BY LEEN RHAZI ’22
As the decennial census date approaches in 2020, Middle Easterners and North Africans in America are urging the U.S. government to widen ethnic categories. The census currently lists “White, Black or AfricanAmerican, American Indian or Alaska Native, Asian and Native Hawaiian or Other Pacific Islander” as official races in the United States, but does not classify people from the Middle East or North Africa (MENA) region as a separate race.
Instead, the U.S. census classifies people from the MENA region as “White,” which has prompted U.S. citizens and residents from the region to demand the creation of their own category. In a statement to the news outlet Middle East Eye, the U.S. Census Bureau said that the inclusion of a “Middle East and North Africa” box in the next census would “give a clearer picture of American society.” Samer Khalaf, the president of the AmericanArab Anti-Discrimination Committee, agrees with the Bureau. He argues the lack of a MENA category in the census goes beyond inclusion — the current exclusion leads to the marginalization of his community. Khalaf uses the city of Dearborn, Michigan as an example.
“Dearborn, Michigan — considered the highest concentration of Arab Americans in the United States — is classified as a majority white city. Why? Because all the Arabs are considered white,” Khalaf told the Middle East Eye. He asserted that because Arab Americans do not have their own ethnic category in the U.S. census, they cannot prove they exist in heavy concentration within a district. The census maps out the U.S. population and its demographic features (such as location, ethnicity, income, household size, age and gender), and only small amounts of information can be gathered from Middle Easterners and North Africans in the U.S. because they do not have their own ethnic category.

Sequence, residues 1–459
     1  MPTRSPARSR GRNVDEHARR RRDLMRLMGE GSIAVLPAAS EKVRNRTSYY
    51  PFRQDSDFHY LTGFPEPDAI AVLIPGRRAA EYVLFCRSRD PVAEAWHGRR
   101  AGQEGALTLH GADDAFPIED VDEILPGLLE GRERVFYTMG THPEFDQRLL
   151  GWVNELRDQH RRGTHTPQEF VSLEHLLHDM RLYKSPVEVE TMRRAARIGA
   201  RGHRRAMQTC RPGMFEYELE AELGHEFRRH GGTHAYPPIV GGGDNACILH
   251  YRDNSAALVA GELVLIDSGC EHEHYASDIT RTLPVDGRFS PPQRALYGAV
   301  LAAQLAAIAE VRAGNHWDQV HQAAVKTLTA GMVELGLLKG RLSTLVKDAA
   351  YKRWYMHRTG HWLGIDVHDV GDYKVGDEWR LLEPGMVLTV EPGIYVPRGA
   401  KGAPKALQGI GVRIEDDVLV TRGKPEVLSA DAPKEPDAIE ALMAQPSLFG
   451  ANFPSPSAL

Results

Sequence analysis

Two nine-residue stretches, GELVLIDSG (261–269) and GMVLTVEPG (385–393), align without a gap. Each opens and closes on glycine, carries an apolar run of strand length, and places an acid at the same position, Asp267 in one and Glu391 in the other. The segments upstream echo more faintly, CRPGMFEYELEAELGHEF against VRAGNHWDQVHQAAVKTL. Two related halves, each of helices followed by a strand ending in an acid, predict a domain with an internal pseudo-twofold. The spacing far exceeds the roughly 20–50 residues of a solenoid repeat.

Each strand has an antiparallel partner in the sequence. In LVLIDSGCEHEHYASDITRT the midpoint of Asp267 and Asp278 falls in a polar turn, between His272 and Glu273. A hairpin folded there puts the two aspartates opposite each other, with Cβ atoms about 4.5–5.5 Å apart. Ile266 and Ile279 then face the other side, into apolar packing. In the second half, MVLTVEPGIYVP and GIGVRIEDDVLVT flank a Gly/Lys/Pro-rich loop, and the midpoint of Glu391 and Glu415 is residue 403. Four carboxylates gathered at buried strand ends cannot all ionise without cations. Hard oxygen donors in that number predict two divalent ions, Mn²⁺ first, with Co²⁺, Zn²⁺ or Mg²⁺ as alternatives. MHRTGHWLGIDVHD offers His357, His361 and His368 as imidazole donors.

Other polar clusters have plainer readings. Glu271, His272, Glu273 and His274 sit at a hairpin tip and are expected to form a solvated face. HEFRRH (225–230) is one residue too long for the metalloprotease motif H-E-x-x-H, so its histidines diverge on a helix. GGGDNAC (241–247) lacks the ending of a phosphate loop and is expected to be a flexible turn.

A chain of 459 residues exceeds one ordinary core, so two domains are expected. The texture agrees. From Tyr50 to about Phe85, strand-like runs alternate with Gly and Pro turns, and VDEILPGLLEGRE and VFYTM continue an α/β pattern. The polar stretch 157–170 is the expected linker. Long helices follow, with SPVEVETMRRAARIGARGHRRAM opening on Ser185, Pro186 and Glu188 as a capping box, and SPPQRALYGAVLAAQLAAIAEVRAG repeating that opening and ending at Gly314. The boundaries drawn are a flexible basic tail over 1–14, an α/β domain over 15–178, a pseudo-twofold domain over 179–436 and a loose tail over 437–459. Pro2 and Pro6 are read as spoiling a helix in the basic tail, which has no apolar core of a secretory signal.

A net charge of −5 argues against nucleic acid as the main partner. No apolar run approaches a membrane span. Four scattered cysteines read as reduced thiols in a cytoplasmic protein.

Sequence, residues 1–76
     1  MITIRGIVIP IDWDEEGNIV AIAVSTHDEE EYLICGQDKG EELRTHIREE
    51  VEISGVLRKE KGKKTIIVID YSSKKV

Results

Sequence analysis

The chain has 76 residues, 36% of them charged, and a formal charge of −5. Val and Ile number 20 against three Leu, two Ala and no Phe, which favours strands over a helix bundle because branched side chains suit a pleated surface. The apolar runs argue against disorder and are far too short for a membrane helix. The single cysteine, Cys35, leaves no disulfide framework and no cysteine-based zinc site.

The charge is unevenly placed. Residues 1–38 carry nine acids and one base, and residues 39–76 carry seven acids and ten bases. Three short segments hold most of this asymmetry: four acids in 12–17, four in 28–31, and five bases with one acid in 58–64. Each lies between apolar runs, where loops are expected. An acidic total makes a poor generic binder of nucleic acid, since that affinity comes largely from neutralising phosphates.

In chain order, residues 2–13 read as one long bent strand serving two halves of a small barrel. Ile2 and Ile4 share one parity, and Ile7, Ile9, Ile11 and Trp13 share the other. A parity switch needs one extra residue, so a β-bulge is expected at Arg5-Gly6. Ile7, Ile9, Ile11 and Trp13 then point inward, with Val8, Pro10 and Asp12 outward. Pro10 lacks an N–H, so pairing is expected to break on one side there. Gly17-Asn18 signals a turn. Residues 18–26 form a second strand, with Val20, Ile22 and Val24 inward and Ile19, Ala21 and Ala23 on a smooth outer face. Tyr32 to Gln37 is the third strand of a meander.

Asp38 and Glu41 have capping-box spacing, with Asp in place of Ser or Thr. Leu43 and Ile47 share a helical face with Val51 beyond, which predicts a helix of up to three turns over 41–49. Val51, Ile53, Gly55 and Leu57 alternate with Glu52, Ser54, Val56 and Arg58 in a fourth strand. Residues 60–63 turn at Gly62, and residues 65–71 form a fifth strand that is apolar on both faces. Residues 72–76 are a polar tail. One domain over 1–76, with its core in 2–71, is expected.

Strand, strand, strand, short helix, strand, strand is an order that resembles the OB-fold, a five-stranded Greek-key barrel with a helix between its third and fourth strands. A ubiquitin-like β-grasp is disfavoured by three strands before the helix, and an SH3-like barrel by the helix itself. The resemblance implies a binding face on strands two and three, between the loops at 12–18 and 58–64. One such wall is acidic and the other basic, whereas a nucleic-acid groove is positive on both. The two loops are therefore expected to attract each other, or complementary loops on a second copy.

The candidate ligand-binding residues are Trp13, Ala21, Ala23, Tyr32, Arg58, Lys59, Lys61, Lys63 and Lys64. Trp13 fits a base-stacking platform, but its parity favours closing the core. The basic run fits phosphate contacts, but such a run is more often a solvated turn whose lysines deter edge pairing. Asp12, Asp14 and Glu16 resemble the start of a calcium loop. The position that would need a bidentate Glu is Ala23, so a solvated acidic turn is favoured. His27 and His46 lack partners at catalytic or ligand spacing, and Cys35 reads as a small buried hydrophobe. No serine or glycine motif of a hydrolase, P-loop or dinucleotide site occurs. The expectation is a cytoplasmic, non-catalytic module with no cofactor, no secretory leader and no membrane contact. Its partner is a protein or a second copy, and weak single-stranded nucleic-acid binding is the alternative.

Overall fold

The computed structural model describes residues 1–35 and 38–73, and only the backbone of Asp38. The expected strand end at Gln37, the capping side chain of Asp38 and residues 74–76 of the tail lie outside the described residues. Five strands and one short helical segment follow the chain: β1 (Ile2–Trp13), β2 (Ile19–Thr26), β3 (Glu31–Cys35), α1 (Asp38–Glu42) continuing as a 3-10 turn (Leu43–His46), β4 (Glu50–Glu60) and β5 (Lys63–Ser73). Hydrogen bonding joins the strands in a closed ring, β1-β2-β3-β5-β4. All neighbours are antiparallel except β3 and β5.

Because Middle Easterners and North Africans are being excluded from official recognition, some feel isolated, ignored and unincluded in American society. For Léa Sleiman ’22, a Lebanese student from Beirut, moving to the U.S. for college sparked an internal struggle. Sleiman has always embraced her Lebanese heritage; her love for Arab culture and language shaped her identity over the years, and she always felt a sense of belonging in Beirut. However, when Sleiman arrived in the U.S., she began to experience an identity crisis. “Because my ethnicity and culture were not recognized in America, I was stripped [of] my identity,” she said. “If I’m not Middle Eastern, who am I? If I’m not Arab, who am I?”
While many people from the MENA region advocate for a MENA category in the U.S. census, some advocates fear census information might be misused and exploited by President Trump’s government. Yemeni student Nada Al-Thawr ’19 shares this belief. While Al-Thawr believes the category would bring some sort of representation to her people, she fears that the creation of a separate category for people from the MENA region will make it easier for the U.S. government to surveil — and possibly exploit — the group.
Similarly, Maya Berry, the director of the Arab American Institute, lists the internment of Japanese Americans during World War II and the surveillance of Arab and Muslim communities by the New York Police Department after 9/11 as examples of the U.S. government using the census to surveil religious and cultural communities.
For Berry, urging the U.S. government to widen ethnic categories to include people from the MENA region is a task that must be dealt with vigilance. Like Al-Thawr, Berry believes that the category will bring needed representation to Middle Easterners and North Africans living in the U.S., but might also cause ill-treatment of the group through government surveillance.
In early January 2018 the Census Bureau reported that they would not be including a MENA category on the 2020 census despite decades of advocacy, according to NPR. Karen Battle, the bureau’s chief of the population division, said researchers found a large population of the Middle Eastern Community felt MENA “should be treated as a category not for race, but ethnicity.” So, as it stands, the federal standards for “White” will continue to be described as people with heritage from Europe, the Middle East or North Africa.